Sperm crawl and collide on way to egg, researchers say

May 7, 2012

Scientists at the Universities of Birmingham and Warwick have shed new light on how sperm navigate the female reproductive tract, 'crawling' along the channel walls and swimming around corners; with frequent collisions.

Research results published today in the (PNAS) provide fresh insight into how might find their way to the egg that will help to inform future innovation in the struggle to treat .

Scientists led by Dr Petr Denissenko, of the School of Engineering at the University of Warwick, and Dr Jackson Kirkman-Brown, lead in at the University of Birmingham, explored what properties distinguish the tens of cells which make it to the egg from the millions of ejaculated.

Contrary to popular belief, the authors report, sperm rarely swim in the central part of the three-dimensional female tract, instead travelling along the walls, meaning in the body they are negotiating complex and convoluted channels filled with viscous fluids.

To study cell behaviour in confined space, cells were injected into hair-thin microchannels.

"When the channel turns sharply, cells leave the corner, continuing ahead until hitting the opposite wall of the channel, with a distribution of departure angles, the latter being modulated by fluid viscosity," the reports' authors said.

"Specific wall shapes are able to preferentially direct motile cells," the authors report.

"As a consequence of swimming along the corners, the domain occupied by cells becomes essentially one-dimensional.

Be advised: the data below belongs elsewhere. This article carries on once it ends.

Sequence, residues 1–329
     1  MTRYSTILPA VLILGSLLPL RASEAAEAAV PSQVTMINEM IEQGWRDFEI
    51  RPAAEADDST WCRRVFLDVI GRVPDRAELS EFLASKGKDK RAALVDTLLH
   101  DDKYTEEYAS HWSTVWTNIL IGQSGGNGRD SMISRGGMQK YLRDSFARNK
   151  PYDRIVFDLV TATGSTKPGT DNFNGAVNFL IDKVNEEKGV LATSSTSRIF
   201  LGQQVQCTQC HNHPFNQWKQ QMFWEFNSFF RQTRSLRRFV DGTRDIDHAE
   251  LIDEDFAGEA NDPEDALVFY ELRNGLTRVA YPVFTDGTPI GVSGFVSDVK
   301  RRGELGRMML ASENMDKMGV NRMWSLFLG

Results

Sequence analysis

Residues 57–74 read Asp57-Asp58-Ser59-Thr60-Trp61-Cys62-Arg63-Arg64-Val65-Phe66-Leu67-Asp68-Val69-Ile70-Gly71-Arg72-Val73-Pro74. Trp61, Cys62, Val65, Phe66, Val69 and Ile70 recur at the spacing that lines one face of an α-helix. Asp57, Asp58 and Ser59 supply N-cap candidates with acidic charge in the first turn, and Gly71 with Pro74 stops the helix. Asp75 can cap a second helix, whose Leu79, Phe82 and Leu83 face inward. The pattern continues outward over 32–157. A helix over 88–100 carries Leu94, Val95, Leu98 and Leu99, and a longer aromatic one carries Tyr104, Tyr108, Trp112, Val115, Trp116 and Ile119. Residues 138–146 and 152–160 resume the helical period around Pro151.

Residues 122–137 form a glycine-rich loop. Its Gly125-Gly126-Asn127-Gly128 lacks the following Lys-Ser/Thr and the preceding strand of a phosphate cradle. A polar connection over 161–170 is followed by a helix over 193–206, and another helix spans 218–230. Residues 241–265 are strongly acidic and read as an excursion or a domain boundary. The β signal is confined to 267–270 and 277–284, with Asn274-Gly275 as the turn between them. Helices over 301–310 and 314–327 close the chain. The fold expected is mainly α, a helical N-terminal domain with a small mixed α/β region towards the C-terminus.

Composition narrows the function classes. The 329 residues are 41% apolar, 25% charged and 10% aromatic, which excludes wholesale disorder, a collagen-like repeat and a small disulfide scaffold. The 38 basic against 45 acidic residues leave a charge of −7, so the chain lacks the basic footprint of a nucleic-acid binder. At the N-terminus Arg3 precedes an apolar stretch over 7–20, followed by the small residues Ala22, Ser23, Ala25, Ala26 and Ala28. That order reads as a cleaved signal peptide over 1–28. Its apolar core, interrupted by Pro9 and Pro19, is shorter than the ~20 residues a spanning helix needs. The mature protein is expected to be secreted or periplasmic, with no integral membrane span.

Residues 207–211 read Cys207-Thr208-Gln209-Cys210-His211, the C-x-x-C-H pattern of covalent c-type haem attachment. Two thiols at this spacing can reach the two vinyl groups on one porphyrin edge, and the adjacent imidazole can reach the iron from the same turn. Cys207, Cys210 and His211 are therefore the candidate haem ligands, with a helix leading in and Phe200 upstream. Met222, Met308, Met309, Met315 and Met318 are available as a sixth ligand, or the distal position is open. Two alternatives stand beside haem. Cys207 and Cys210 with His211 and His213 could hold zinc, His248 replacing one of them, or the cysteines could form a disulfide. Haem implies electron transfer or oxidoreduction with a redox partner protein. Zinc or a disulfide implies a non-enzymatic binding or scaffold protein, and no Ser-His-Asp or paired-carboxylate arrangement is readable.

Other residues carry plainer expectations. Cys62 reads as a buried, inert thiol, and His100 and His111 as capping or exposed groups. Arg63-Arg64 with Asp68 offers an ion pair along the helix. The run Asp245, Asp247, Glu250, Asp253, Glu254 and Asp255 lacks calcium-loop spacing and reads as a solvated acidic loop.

"This leads to frequent collisions and needs to be accounted for when modelling the behaviour of populations of migratory cells."

Dr Kirkman-Brown, who is also Science Lead for the Birmingham Women's Fertility Centre, comments: "Two key questions in reproduction are:

  • how are the millions of sperm selected down to around ten that reach the oocyte?: and
  • Can we use a similar method to select sperm for fertility treatments?
"In basic terms – how do we find the 'Usain Bolt' among the millions of sperm in an ejaculate. Through research like this we are learning how the good sperm navigate by sending them through mini-mazes. "

Dr Denissenko of the University of Warwick added: "Sperm cell following walls is one of those cases when a complicated physiological system obeys very simple mechanical rules.

"I study fluids in a variety of environments, but moving to work with live human sperm was quite a change.

"I couldn't resist a laugh the first time I saw sperm persistently swerving on tight turns and crashing head-on into the opposite wall of a micro-channel.

"More seriously, it's great being part of an internationally leading team based out of the Midlands addressing a key problem."

Dr Kirkman-Brown concludes: "Previous research from the group indicates that the shape of the sperm head can subtly affect how the sperm swim.

"Combined with this data we believe new methods of selecting sperm, perhaps for quality or even in certain non-human species for sex may become possible."